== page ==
How Confederate veterans faced the trauma of defeat and demobilization
Too often, when we consider Civil War soldiers, we think of what they did, not how they felt. In this compelling work, James J. Broomall invites us to consider their interior lives and how as soldiers and citizens they struggled to make sense of their experiences. While other scholars, such as Gerald Linderman, James McPherson, and Reid Mitchell, have surveyed the motivations of soldiers, Broomall joins a growing number of historians who are focused on questions of masculinity and emotionality.
White Southern men experienced a tension between a public code of behavior that required displays of self-control and a private life that often left them feeling melancholy. The act of keeping diaries, Broomall shows, allowed men to negotiate their feelings and perhaps help control their passions. As soldiers, these men formed deep feelings of mutuality based on unit cohesion. One officer explained that being a soldier “makes us wonderfully selfish & utterly indifferent except to our own immediate comrades: with them we would share our very last cent.”
These soldiers learned literally to strip down to the essentials, to try not to carry too much on the march, and campfires became substitutes for the comforts of home. But deprivation was always on their mind. “We live in dirt,” said one soldier. Focusing on the campaign of the Army of Northern Virginia into Pennsylvania, Broomall shows the contradictory feelings about the battle at Gettysburg, some thrilled to have survived, others shocked at how inured they had become to scenes of death, some convinced that the defeat marked catastrophe, while others refused to succumb to despondency.
Demobilization posed its own challenges. “The war has been going on so long I can’t realize what a man would do now it’s over,” wrote Sergeant J. E. Whitehorne of the Twelfth Virginia Infantry. It comes as no surprise that for many of these white Southerners “reunions, musters, and meeting bolstered a sense of belonging and reinforced a broader corporate identity.” With the Ku Klux Klan, this took a more nefarious turn. Broomall offers an insightful discussion of what he calls the “savage masculinity” of the KKK and how the group’s extralegal violence connected to its members memories of war.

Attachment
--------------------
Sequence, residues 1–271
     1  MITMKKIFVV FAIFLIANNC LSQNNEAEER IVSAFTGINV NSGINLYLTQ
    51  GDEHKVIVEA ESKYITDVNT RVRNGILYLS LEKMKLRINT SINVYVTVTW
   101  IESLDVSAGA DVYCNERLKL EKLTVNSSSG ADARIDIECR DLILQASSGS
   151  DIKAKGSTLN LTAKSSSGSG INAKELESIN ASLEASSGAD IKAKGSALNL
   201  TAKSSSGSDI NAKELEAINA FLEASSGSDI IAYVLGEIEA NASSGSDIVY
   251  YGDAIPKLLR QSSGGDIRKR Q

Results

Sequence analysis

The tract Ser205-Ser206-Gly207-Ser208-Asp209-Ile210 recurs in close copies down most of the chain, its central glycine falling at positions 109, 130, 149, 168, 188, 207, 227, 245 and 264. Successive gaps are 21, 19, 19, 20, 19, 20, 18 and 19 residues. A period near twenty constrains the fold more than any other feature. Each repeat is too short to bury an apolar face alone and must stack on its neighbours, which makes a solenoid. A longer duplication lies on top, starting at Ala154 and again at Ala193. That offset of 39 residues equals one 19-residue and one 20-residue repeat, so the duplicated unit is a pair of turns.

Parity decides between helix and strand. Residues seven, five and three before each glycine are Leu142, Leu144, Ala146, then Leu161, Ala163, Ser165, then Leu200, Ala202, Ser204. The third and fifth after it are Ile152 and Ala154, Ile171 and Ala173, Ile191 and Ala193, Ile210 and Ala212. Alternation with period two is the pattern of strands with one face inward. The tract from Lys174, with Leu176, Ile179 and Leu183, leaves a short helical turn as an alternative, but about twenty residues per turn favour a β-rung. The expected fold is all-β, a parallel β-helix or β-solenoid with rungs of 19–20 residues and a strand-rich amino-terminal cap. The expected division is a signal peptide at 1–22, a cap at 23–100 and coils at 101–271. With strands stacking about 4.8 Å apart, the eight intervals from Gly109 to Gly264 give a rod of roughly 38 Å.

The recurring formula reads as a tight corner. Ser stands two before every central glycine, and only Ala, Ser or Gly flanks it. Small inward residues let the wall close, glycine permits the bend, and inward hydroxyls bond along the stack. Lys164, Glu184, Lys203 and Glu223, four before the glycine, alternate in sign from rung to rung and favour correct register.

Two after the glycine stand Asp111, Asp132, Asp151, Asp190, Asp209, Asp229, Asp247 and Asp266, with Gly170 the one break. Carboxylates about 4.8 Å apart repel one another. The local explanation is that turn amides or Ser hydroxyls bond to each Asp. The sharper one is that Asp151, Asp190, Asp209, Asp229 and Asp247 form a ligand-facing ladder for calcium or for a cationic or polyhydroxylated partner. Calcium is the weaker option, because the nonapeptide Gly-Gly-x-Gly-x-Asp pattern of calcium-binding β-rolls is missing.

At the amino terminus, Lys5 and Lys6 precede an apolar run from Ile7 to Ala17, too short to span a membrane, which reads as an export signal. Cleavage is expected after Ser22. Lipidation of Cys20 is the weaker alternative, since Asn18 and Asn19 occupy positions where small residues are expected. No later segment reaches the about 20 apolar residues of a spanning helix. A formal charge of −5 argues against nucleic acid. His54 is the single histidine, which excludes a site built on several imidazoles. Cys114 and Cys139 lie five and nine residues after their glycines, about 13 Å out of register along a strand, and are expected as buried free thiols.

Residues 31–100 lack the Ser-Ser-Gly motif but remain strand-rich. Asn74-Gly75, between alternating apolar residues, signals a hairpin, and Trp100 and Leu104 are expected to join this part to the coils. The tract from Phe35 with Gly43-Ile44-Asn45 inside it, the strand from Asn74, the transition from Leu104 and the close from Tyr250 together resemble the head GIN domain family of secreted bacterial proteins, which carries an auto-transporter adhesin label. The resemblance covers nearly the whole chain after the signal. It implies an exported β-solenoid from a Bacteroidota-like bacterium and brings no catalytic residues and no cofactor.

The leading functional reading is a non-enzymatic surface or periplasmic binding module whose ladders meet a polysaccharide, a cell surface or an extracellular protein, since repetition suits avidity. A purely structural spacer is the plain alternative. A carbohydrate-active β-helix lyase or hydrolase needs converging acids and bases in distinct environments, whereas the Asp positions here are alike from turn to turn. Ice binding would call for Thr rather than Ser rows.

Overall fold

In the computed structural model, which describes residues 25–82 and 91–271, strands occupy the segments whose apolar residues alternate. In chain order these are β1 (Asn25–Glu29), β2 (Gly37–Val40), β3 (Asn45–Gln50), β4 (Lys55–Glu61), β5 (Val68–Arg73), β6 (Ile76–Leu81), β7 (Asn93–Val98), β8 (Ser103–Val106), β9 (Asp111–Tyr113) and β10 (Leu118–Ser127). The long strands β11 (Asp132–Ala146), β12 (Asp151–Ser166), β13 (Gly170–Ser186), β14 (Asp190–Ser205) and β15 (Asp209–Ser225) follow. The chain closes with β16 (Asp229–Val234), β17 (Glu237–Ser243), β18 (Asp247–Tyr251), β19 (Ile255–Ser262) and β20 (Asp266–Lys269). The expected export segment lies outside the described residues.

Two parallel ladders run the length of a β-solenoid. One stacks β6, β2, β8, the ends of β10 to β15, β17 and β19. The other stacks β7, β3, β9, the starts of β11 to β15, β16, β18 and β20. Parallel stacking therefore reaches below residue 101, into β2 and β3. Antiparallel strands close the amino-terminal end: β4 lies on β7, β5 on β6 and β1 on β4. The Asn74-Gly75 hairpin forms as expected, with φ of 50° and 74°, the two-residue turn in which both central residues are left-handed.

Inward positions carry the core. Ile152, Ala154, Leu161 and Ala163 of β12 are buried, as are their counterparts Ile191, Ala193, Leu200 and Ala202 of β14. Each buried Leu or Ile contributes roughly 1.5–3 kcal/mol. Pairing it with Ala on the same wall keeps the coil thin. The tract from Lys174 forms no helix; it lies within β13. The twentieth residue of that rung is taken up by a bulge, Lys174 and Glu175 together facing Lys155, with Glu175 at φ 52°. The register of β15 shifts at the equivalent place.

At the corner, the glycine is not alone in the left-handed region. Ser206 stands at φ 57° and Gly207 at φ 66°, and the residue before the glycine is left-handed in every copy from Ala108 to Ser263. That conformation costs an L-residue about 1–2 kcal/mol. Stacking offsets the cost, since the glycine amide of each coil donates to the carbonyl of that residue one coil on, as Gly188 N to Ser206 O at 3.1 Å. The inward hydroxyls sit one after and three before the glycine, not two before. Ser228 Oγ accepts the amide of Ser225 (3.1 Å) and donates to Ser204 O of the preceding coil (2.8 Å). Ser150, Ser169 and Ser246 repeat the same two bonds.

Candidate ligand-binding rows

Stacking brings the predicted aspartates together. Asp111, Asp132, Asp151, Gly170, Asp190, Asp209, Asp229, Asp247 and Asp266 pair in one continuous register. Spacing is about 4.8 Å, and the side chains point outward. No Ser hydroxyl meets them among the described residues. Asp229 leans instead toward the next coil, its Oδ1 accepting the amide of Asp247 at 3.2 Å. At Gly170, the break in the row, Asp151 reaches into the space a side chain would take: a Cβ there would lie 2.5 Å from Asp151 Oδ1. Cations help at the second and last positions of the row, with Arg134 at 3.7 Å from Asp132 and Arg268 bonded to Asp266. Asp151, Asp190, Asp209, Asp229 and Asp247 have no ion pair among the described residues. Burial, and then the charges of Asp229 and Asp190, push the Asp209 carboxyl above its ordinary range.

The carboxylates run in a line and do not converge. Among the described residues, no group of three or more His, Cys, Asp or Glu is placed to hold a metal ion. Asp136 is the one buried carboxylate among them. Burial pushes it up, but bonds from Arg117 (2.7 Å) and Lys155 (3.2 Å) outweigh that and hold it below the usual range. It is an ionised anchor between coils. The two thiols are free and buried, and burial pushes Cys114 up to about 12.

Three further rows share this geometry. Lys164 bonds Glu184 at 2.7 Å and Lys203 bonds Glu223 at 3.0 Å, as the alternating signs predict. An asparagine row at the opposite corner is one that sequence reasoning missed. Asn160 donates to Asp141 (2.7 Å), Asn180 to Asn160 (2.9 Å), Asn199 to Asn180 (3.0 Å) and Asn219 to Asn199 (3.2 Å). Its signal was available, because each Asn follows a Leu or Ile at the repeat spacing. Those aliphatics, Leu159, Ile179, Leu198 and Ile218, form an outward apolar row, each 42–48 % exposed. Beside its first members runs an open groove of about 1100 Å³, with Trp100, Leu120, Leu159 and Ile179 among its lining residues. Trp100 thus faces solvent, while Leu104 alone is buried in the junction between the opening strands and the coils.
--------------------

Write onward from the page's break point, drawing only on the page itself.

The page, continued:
There was no one way in which Confederate veterans dealt with the traumas of war. Some turned inward; some could not cope and committed suicide; others manufactured narratives of the past that helped them move forward; still others found intimacy and gratification in joining extralegal organizations. What Broomall makes clear is that until we examine soldiers’ feelings as fully as their actions, the full impact of the Civil War will continue to elude us. –Louis P. Masur
A Novel Approach to a Battle Story
There are numerous excellent military histories of the Battle of Chancellorsville, such as Stephen Sears’ 1996 account Chancellorsville. Yet, why just read aboutthe battle when Ralph Peters’ meticulously researched, brilliantly imagined historical novel puts readers right in the midst of the battle’s action and lets you actually experienceit? As famed Civil War historian, James McPherson judged: “If you thought you knew the Civil War, read [Peters’] books to discover how much you still had to learn.” Peters’ latest, Darkness at Chancellorsville,is an eagerly anticipated “prequel” to his five award-winning “Battle Hymn Cycle” novels (Cain at Gettysburg, Hell or Richmond,Valley of the Shadow, The Damned of Petersburg, and Judgment at Appomattox) which led readers through the last two years of the war, from the pivotal July 1863 Battle of Gettysburg through Lee’s April 1865 surrender.
Even though anyone remotely familiar with the Civil War undoubtedly knows how the battle evolved and ultimately ended, this compellingly written account keeps readers glued to the book until the last page. Indeed, this blow-by-blow experience of the battle’s progress through the eyes of its participants—from its commanders, Robert E. Lee and “Fighting Joe” Hooker, down to the cavalry, infantry, artillery, engineer and signaler soldiers in blue and gray who endured it—reveals the reality of Civil War combat. Peters brings to life the misery soldiers on both sides endured: torrential rains, knee-deep mud, scorching heat, exhausting marches, nerve-shattering fear, painful wounds, triumph when attacks succeeded, and humiliation when they failed.